A current self-created crisis centres around Raheel Sharif’s post-retirement gig as supremo of the Islamic coalition created by Saudi Arabia.
All hell broke loose when the government announced it had given our ex-army chief permission to go for the riyals. The great and the good denounced the prime minister for pitching Pakistan into an anti-Shia coalition, asserting that this move would drive a wedge between our Sunni and Shia communities. It would also alienate Iran.
Hang on, folks, it’s not as bad as it seems. In fact, if you look at the whole thing closely, you will soon see it’s an illusion created by smoke and mirrors. All you have to do is remember the origins of this coalition: when Riyadh announced its formation in 2015, many of its proclaimed members had never heard of this alliance before. In fact, our foreign secretary said he had read about it in the newspapers.
So if one of the most militarily powerful Muslim countries — and the only nuclear power in the Muslim world — had no clue, how serious could the enterprise be? Slowly, reluctantly, a few countries raised their hands: after all, nobody wants to risk being cut off from the largesse that flows from the Saudi kingdom.
Nawaz Sharif, caught between his loyalty to the Saudis for pampering him during his years of exile, and the near-unanimous rejection of the hare-brained idea, did what he does best: dither. While promising to fight for his Saudi patrons if they were attacked, he regretfully declined the opportunity to slaughter Yemenis as incompetent Saudi Arabia and UAE pilots have been doing to such gruesome effect.
The Raheel appointment is not as bad as it seems.
But later, without taking the matter to parliament, he signalled his willingness to join the coalition after all, and gave approval to Raheel Sharif to take up his lucrative assignment. So what changed? Ah, I have a devious conspiracy theory to explain Nawaz Sharif’s subtle moves.
We all remember the Raheel Sharif posters that popped up on walls and lampposts around the country last year, urging him to stay on past his retirement date. These were accompanied by TV chat show hosts and their guests jumping up and down in unison, insisting that Pakistan could not afford to lose the services of a general who had spearheaded such a successful anti-terrorism campaign. Ditto many columnists and editors.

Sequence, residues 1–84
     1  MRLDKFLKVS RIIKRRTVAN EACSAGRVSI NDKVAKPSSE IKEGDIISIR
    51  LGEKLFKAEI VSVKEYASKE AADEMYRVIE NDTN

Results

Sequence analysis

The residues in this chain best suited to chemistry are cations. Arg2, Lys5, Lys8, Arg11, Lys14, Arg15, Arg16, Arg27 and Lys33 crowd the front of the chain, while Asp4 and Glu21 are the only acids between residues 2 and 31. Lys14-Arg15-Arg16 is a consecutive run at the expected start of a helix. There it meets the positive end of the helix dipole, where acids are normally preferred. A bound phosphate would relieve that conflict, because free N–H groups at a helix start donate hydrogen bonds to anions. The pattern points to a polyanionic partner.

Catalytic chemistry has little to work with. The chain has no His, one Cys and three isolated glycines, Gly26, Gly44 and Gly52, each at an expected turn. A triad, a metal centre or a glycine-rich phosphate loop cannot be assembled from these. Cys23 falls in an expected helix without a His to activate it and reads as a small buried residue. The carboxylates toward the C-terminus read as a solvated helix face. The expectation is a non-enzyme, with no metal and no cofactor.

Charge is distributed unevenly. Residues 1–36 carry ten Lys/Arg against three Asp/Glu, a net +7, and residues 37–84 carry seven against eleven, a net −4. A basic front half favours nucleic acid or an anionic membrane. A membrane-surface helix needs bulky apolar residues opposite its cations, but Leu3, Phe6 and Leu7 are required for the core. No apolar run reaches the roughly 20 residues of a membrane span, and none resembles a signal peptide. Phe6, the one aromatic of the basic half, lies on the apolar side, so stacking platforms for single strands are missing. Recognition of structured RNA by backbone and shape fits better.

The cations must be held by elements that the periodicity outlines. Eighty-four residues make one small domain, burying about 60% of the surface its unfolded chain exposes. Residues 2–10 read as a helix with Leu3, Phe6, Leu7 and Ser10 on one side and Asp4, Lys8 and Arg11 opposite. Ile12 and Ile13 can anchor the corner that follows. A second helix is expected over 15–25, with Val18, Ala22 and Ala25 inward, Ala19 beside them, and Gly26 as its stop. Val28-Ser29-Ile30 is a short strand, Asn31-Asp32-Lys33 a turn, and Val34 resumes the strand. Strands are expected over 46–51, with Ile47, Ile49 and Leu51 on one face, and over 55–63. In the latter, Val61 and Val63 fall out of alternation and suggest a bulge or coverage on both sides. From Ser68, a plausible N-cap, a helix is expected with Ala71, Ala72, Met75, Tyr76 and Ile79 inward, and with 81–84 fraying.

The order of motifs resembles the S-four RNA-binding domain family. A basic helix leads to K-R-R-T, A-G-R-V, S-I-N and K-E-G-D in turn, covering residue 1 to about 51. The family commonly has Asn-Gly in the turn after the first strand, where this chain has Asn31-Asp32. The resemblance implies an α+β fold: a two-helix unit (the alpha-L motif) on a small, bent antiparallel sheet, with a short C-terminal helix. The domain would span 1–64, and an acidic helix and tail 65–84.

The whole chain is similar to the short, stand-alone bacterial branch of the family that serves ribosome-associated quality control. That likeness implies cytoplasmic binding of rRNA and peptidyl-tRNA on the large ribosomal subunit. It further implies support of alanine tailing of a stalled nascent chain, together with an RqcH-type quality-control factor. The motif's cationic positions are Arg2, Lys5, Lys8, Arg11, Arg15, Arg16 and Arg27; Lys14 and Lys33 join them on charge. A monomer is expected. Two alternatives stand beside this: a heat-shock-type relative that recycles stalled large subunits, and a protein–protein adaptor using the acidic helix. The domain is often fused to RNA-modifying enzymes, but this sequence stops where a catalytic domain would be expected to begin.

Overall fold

The campaign had all the hallmarks of an orchestrated ISPR effort to put pressure on Nawaz Sharif to offer the army chief an extension. The prime minister did not want to say no to a powerful, assertive and popular general; equally, he did not want such a widely admired figure around.
To get rid of him without confronting the military, he asked the Saudis to offer him the non-job of head of the coalition. When a formal request arrived, he told Raheel Sharif that while he and the whole nation would miss him, he had a higher responsibility to the ummah.
The general, not having received the offer of an extension as COAS yet, agreed. And good luck to him: the reported salary of million dollars, while chickenfeed to the Saudis, will come in handy after this stint as leader of a non-existent force is over. All this is pure speculation, of course, even if it fits together rather well.
My lack of confidence in the alliance stems from the track record of all such efforts by various combinations of Muslim states to achieve a common purpose. Starting from the defeat inflicted by Israeli soldiers and guerrillas on the combined Arab armies in 1948, to the military humiliations of 1956, 1967 and 1973, Arab generals and soldiers have not exactly covered themselves in glory.
Politically, too, Muslim cooperation remains a disapointment. The OIC, or Organisation of Islamic Cooperation, has been shambling around like a zombie for years, and has achieved nothing. A creature of the Saudis, it provides a sinecure for retired Muslim politicians, and makes the occasional empty declaration. It has done nothing to help the Palestinians, Kashmiris and the Rohingyas. Wars and quarrels between Muslim states fester on without the OIC taking a position.
So given all these splits and lethargy, why should we think the new Saudi-led alliance will do any better? I can picture Raheel Sharif now, going from one Muslim capital to the next, asking for firm commitments on troops, planes and ships. There will be much solemn nodding of heads among his hosts before a litany of excuses is trotted out. They will then ask for Saudi aid to buy new weapons.
The problem with being chief of a phantom legion is that unless you are Aragorn from the Lord of the Rings, you can’t really get your ghostly soldiers to fight terrorists or Iranians. So my advice to Raheel Sharif is to chill out in Riyadh: he won’t have to do any fighting anytime soon.
Published in Dawn, April 8th, 2017